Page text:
Science Jamboree premiere a big success

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Science Jamboree 2016

On Saturday 26th November, student volunteers delivered the inaugural Science Jamboree at CTL.  The event ran science activities for over 250 Brownies, Cubs and Beavers from across Cheshire and Merseyside and their leaders.

The Science Jamboree comprised a number of science related activities so that those taking part could attain their science activity (and science related) badges at the event.

A total of 70 undergraduate and postgraduate students  worked in teams to design and deliver the activity sessions that fitted a simple, but strict brief, to ensure that the young people could attain their badges.  The students have been mentored by staff and post-docs from across the University since September.

In particular the event was support by the Physics Outreach Group and a large group of PhD students from the Cockcroft Institute. The Physics Outreach group helped visitors to make their own compasses and allowed visitors to see inside Kinder eggs with the Xray units. There was an opportunity for the visitors to learn about the electromagnetic spectrum and particle accelerators with a large team of PhD students from the Cockcroft Institute. Outside the CTL, rockets were fired by Physics and Engineering Students and towers built to introduce the children to concepts of engineering.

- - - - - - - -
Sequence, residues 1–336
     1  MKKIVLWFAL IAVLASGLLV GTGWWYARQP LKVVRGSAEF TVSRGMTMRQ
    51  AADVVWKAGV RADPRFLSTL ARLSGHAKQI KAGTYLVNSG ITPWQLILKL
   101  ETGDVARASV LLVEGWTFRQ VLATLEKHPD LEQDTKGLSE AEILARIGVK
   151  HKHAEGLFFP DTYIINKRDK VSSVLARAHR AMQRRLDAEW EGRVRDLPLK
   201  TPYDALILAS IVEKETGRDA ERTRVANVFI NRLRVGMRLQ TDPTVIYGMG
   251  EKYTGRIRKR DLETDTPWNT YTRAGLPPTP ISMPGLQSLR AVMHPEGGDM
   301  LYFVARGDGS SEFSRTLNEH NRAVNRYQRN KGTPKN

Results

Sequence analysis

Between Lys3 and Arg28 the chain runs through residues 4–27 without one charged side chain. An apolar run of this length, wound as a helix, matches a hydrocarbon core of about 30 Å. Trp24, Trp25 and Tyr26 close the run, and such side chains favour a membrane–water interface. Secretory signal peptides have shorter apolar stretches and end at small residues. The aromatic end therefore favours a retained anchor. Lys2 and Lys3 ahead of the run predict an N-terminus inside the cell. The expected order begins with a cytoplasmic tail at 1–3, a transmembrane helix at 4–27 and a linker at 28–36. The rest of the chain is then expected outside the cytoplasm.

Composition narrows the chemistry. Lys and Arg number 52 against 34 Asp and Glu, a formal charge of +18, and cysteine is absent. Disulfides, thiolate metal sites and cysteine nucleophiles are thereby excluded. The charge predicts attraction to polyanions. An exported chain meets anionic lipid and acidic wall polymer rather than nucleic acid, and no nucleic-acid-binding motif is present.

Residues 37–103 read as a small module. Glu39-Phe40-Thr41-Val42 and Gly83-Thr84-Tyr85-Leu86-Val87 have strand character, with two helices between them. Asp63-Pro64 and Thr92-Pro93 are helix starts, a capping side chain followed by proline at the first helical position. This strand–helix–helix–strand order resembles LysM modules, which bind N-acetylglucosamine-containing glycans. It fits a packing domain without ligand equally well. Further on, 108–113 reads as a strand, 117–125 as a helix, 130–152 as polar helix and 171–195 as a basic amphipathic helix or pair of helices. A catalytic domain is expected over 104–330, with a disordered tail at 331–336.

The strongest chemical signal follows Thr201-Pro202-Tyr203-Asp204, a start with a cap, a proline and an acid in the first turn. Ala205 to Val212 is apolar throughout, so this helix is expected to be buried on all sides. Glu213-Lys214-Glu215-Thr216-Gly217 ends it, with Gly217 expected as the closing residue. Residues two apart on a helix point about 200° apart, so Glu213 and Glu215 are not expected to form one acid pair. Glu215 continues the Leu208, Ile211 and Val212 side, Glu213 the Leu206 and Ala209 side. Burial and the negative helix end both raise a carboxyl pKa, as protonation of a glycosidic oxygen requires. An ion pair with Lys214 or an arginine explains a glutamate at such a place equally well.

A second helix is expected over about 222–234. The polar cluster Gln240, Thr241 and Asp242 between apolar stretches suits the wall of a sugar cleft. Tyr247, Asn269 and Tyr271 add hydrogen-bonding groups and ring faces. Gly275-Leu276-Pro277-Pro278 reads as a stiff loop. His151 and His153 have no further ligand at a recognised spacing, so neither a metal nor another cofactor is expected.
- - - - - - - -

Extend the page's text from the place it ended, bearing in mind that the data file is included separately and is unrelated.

Science Jamboree

The large scale event was organised by CTL Lecturers Dr Cate Cropper, Dr Lis Rushworth and Dr Helen Vaughan, and Maths Outreach Lead Chris Marchant.  Helen said:“This was the first time we have organised an event for Brownies, Cubs and Beavers .  Students and staff from across the University  came together to design and deliver this event and make it a big success, which we hope to repeat. We’re really grateful for all the support so many groups have given to this event.”

One leader described the event as “A fantastic opportunity for the young people to look around a university and get involved with some activities.” whilst another noted that “Young leaders [typically aged 14-16] were keen to come today, not only to support their cubs and leaders but also to look around the University with a  view to coming here in the future to study.”

This project was funded by the Faculty of Science and Engineering as a co-curricular opportunity for undergraduates.